Whether it was a few thousand dollars for a program to buy back guns or millions to build a chapel at Seattle University, Rhoady Lee Jr., gave freely of his money and time.

Share story

Ask him how he was doing, and Rhoady Lee Jr. would reply: “Any better, I couldn’t stand it.”

And it wasn’t just a line. Even during his final days, Mr. Lee’s cheerful nature shone through. “He was making jokes with everyone who came to visit him,” said his daughter Maureen Lee. “He always saw the glass as half full.”

Mr. Lee, who was 84 when he died Wednesday at his Hunts Point home, nurtured a small sand and gravel company into one of the Northwest’s biggest asphalt paving contractors. But his generosity is what people remember most.

Whether it was a few thousand dollars for a program to buy back guns or millions to build a chapel at Seattle University (SU), Mr. Lee gave freely of his money and time. “When somebody asked him for something, I don’t remember him ever saying no,” said his son Mike Lee.

Catholic schools were the cause most dear to Mr. Lee and his wife, Jeanne Marie. He served on the boards of both SU and Forest Ridge School of the Sacred Heart in Bellevue, as well as supporting dozens of other churches and charities across the region.

“Rhoady’s commitment to our university was boundless and unwavering,” SU President Stephen Sundborg wrote in a letter Friday to the university staff. “The Lees had a hand in enriching and making possible many aspects of the Seattle University experience.”

Mr. Lee also reached out to individuals who needed a hand, offering loans even though he knew many would never be paid back. Larry Darnell, who worked with Mr. Lee for decades, saw him give a panhandler a hundred dollar bill. Sometimes Darnell would take his boss to task for being such a soft touch. “He would just look at me and say: ‘Larry, someday you may need help, too.'”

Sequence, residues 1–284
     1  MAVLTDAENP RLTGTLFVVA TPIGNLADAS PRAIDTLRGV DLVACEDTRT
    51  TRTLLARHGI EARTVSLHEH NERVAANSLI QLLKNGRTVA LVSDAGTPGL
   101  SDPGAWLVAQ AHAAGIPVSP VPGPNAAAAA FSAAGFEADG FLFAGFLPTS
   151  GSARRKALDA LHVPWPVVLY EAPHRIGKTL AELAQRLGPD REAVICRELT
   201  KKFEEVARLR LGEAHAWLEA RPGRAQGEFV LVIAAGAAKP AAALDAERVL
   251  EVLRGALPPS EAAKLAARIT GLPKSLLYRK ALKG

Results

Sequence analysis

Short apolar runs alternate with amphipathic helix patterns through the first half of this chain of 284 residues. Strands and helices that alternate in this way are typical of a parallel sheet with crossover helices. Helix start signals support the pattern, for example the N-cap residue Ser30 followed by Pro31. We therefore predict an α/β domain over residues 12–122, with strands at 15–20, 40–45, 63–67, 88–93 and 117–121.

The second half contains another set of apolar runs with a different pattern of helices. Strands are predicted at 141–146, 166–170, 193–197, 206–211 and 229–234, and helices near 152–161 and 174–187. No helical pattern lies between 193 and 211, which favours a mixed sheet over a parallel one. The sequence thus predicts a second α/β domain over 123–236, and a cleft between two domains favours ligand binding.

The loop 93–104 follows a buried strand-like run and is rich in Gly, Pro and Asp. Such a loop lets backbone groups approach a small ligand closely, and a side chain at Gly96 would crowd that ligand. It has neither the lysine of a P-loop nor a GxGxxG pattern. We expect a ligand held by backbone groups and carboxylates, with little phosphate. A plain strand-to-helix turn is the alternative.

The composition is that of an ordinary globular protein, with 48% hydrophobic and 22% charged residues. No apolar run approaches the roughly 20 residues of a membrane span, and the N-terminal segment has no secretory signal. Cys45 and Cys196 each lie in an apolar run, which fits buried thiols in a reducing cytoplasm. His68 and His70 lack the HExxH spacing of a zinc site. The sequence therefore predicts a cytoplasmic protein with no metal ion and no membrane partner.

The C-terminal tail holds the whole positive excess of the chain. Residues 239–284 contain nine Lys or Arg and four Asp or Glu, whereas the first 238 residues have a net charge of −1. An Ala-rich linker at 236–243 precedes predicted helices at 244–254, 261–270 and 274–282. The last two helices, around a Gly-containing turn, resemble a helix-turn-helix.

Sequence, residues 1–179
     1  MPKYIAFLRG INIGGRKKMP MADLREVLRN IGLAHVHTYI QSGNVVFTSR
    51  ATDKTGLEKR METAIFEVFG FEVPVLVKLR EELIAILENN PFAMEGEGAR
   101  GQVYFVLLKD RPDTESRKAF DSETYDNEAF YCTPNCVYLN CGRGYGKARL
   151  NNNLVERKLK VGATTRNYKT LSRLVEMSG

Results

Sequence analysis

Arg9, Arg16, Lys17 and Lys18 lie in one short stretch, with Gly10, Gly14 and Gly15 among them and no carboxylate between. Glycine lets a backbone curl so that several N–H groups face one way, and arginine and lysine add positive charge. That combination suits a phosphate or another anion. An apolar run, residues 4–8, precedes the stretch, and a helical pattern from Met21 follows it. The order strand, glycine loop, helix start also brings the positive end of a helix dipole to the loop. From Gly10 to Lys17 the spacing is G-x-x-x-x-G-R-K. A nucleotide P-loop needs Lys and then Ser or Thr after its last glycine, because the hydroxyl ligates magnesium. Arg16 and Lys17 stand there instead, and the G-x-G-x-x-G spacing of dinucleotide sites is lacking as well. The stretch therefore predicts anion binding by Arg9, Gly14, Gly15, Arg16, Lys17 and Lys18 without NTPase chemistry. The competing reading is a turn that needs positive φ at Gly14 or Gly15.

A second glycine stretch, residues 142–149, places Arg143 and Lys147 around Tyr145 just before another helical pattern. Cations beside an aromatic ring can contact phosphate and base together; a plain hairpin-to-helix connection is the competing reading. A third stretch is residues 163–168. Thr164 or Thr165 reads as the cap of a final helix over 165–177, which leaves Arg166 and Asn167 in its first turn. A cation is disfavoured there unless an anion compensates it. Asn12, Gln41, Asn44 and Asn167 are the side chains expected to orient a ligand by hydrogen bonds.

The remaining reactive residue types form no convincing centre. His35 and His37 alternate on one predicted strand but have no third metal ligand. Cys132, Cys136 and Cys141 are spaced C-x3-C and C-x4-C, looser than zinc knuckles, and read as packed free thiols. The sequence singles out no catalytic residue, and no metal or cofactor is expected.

Improving schools was important to Mr. Lee partly because his own father never got past the eighth grade. Mr. Lee graduated from SU in 1950 with a business degree and met his wife of 61 years there. “He was profoundly grateful for his education,” Maureen Lee said.

Born in Seattle in 1928, Mr. Lee lived in the area his entire life. His father owned several Seattle hotels where Mr. Lee worked as a young man before making the leap to his own business, now called Lakeside Industries. Today the company, which is jointly owned by Mr. Lee’s six children, has 650 employees in Washington, Oregon and Idaho.

A key to Mr. Lee’s business success was his genuine interest in others, said Mike Lee, who manages the operation. “He made everybody in our company feel incredibly important, no matter what their position was.” Even last year, when his health was slipping, Mr. Lee attended the holiday party and spoke with everyone he could.

Mr. Lee also made his annual fly-fishing trip to Alaska last year. Years ago, when he was paving the airstrip at King Salmon on Bristol Bay, Mr. Lee traded a leftover pile of gravel for an old Navy barge, Mike Lee explained. He hauled the barge up a nearby river and anchored it there as a base for future fishing expeditions.

Mr. Lee relished outdoor adventures, and he raised his children to share that passion. The family built a cabin at Alpental ski area near Snoqualmie Pass, and spent every winter weekend skiing. Cowboy music was often playing on the stereo, revealing a love of the West that Mr. Lee later satisfied by buying a cattle ranch in Idaho. He flew his own plane and waterskiied, sometimes with Maureen perched on his shoulders.

“Work hard and play hard was his philosophy,” Darnell said.

Mr. Lee’s Catholic faith, passed down from his Irish father and Scottish mother, was a compass that guided him throughout his life. But he wasn’t afraid to step outside the doctrine when it came to things like acceptance of gay family members, said Maureen Lee. “Over the years when he and his church or he and his political party differed, he just followed his heart.”

Mr. Lee suffered a stroke about 10 years ago. In recent years, diabetes and heart problems forced him to use a wheelchair. With his kidneys failing, doctors told him dialysis was his only option. Maureen Lee said her father gave the idea a thumb’s down gesture, then looked at his wife and asked: “If that’s OK with you?”

He spent his last days at home, surrounded by friends and family.

Mr. Lee’s other survivors include his daughters Sharon and Mary Pat; sons Timothy and Rhoady III, their spouses and partners, and 15 grandchildren.

A memorial service will be held at Sacred Heart Church in Bellevue on Monday, Aug. 27, at 10 a.m. A guest book is available online at harveyfuneral.com. Instead of flowers, the family suggests donations to Seattle University or Catholic Community Services.

Sandi Doughton: 206-464-2491 or sdoughton@seattletimes.com